Friday, August 17, 2007

Once a journalist, always a journalist

Howard Goldowsky stopped by the New England Masters tournament on Wednesday and filed this thought-provoking, "informal" report:
I stopped by the Peabody Holiday Inn yesterday. I don't have a formal report, but what struck me was the complete isolation in which master-level chess tournaments are played these days. The Monroi was in full swing, everybody was following the games online, and there were no live fans on-site. It's a sign, I think, of just how niche chess has become (or always was). There was Alex Shabalov, by one criterion the best player in the United States, skillfully performing his craft, without a single fan -- not a single one -- there to appreciate it. There is a form of tension that develops between OTB players that doesn't get transmitted over the Monroi, and can only be felt in-person. If a position on a computer screen exudes tension, then the tension at the physical board is multiple times higher. This is why I mourn for the lack of fan presence; but like you, and hypocritically enough, I also had to get back to work, and I could not stay long. My entire stay lasted about 20 minutes. Alas, we all live, in some form or another, a slave-life.

Here are some mini observations about the tournament:

There were a number of photographers present. One said she was taking pictures for Chess Life. Another, whom I chatted with over the Monroi chat feature after I got back to my office, said he was taking pictures for Chess Horizons. Thus, the photographers outnumbered the fans two to one (the lone fan being me).

Brad Bournival looked his image of the 20-something entrepreneurial-gambler. Yesterday he was wearing an untucked, oversized Philly Flyers jersey. He looked laid back and confident at the board, very low-key and likable. I was surprised that I actually felt a connection to his style. If I was still doing interviews, he would be a prime candidate.

Nigel Davies was one of the oldest players, and he dressed the most conservatively with a button-down dress shirt. There were some other conservative dressers too, notable some of the foreign players, but most of the kids (and I say kids because most of the players seemed to be under 30) were dressed in shorts, T-shirts, and comfortable summer attire. The laid-back dress code was a striking contrast to the serious tension filling the room.

For your more salacious readers who like to read about strong female chess players, Liz Vicary appeared even skinnier in person than she does in her pictures. A significant length of her forearm could fit within the diameter of a half-dollar coin.

Shabalov was wearing a T-shirt, and appeared calm at the board, like the champion he is. Board 1, where Shabalov sat, used a nice wooden set and board. All the other boards used standard plastic pieces and vinyl roll-up boards.

Dave Vigorito is a tall, solid man with a physical presence. I imagine that he becomes intimidating when he leans over to examine his pieces. Liz Vicary has stated online that Vigorito is her coach. Before Round 4 started, Vigorito said a few words to Vicary (who was sitting at 0.5/3 points at the time), and then he went to his board. Little moments like these I find fascinating (as a former chess journalist). What does Joe Torre say, after he takes a trip to the mound, to the promising rookie pitcher who just gave up 3 runs without an out in the first inning? What words does the boxing trainer give the aspiring prize-fighter between rounds? This type of inside reporting is sparse in chess magazines and in sports magazines in general.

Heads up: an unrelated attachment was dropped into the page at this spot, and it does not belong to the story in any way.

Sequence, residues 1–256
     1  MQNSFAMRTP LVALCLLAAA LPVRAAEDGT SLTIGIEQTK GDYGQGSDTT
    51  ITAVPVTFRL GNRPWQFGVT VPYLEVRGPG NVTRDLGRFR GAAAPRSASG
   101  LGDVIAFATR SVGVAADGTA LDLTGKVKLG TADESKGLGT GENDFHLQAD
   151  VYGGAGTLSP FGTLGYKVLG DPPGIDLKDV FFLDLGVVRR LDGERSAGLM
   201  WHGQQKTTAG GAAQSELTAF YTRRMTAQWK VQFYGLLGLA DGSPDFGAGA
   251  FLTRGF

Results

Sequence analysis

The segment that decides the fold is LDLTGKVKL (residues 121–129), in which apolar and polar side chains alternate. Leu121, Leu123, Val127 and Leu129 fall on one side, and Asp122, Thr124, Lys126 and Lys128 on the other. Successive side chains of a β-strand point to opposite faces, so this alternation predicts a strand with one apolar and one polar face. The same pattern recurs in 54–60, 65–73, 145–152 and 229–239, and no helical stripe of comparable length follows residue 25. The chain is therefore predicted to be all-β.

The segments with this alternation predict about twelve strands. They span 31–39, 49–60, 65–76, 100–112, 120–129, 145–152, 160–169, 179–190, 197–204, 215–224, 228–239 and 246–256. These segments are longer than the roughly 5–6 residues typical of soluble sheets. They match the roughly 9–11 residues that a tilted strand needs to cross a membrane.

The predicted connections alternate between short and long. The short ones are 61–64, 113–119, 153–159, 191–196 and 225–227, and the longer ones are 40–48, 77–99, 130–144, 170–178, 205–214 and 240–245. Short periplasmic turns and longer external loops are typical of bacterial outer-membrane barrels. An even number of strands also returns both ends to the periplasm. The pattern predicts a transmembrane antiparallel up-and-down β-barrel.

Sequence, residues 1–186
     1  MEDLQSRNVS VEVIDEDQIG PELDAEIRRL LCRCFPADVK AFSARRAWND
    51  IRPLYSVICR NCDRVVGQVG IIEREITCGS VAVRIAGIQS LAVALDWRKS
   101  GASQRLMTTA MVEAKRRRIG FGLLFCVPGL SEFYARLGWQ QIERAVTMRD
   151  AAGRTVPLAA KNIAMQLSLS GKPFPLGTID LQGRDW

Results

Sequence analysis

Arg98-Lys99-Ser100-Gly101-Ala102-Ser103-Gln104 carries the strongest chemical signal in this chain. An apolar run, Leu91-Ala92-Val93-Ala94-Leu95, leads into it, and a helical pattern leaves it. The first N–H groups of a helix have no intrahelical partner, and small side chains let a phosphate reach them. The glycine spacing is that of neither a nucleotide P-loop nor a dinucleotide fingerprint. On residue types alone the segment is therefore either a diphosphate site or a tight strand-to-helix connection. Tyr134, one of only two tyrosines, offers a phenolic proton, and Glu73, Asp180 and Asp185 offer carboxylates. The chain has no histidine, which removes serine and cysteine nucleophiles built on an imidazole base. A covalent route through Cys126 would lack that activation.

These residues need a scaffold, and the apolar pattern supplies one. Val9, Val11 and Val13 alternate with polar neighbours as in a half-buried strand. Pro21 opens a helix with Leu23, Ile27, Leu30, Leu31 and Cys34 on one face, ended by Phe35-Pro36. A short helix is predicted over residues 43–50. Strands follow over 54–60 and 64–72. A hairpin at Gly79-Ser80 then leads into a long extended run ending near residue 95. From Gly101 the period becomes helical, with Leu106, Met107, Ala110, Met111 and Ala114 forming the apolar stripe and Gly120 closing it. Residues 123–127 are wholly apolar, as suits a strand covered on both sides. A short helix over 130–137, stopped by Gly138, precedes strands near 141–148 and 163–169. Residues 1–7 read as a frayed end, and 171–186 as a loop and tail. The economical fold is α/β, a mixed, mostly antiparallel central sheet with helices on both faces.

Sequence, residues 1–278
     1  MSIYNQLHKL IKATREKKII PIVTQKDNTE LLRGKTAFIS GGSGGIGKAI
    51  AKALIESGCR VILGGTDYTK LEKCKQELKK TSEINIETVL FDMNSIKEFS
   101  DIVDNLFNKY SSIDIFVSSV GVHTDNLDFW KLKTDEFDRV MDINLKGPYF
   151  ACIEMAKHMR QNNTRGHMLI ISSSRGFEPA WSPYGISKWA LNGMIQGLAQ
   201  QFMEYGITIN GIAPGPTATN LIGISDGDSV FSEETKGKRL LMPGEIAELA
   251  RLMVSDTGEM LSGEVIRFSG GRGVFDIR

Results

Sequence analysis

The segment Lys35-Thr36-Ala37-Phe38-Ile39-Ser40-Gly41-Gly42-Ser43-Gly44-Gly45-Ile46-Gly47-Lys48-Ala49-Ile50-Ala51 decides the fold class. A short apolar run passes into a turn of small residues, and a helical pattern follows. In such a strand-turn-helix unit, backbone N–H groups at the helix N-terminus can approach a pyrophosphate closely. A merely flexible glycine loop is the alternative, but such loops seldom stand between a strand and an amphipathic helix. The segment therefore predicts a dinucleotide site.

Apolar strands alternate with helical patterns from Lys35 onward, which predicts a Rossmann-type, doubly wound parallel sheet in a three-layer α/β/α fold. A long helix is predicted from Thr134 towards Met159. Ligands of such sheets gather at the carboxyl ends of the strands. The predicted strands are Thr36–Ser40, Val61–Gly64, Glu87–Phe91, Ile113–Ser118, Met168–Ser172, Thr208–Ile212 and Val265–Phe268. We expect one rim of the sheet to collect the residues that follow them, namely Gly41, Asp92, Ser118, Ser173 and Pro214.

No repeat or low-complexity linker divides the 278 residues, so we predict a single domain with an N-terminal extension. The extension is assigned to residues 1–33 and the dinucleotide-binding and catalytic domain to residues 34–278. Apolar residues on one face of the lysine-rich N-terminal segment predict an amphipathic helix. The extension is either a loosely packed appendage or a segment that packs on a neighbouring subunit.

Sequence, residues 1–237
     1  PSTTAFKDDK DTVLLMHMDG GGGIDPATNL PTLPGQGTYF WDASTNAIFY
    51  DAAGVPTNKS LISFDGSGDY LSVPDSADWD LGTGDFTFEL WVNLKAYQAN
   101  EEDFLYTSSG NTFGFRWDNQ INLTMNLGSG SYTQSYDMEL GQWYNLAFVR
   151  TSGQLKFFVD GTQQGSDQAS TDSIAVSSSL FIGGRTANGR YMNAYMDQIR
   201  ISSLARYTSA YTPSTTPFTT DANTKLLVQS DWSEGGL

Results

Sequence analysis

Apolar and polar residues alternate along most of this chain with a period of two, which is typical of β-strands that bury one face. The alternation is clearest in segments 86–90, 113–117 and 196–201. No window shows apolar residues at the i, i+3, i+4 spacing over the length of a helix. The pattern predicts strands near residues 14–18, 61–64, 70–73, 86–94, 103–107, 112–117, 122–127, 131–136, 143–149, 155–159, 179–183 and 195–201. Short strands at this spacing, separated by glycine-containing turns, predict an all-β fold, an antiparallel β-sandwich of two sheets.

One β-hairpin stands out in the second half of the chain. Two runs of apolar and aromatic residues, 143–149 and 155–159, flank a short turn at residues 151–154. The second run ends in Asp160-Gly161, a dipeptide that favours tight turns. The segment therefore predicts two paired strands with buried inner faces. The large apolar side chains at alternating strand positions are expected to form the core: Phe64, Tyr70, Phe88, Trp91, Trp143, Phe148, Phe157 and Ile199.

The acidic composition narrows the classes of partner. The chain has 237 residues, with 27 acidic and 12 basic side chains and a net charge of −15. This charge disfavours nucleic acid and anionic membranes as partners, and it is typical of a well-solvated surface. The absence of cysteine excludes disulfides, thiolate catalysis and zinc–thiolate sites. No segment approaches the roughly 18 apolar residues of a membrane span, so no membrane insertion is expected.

In a sad turn consistent with the proliferation of chess over the Internet, chess seems to be suffering from "science textbook syndrome." In science textbooks we see pictures of the "great scientists" along with short biographies and technical explanations of their contributions. In chess, we see pictures of the "great players" in magazines and get some technical annotations (sometimes from the player, but often not). The learning and the appreciation is all done second-hand, in an idolized way. Or, it's being done voyeuristically on ICC. In reality, the masters playing in Peabody (and elsewhere) are just normal, laid-back guys and gals who happen to play chess well. Yes, some are eccentric (and so were some scientists), but most are not. They all have their promotable qualities; yet, the public and chess fans never get to interact with them much except online. Without getting to know these players as people, chess fans are missing out.

I wanted to talk more with the TD, Chris (something) [ed: Bird], ask him about what it's like to use the Monroi system, what it's like to begin organizing master-level competition in New England, etc. It's great to see a tournament like this in our neighborhood. I admire the TD's dedication to chess, and people like him should be celebrated. Unfortunately, I didn't have time to chat. I asked him if he had an extra Monroi device to play with, but he said no. I am very curious to see how those things operate. What I'm wondering is if players bring their device with them when they get up from the board (or go to the bathroom), so they can study the position away from the board. Some players -- Max Enkin included -- were not using the Monroi. I also noticed that the "old-timer" Nigel Davies was not using it, either.

I wish I could write more, but, like yesterday, I need to get back to work.


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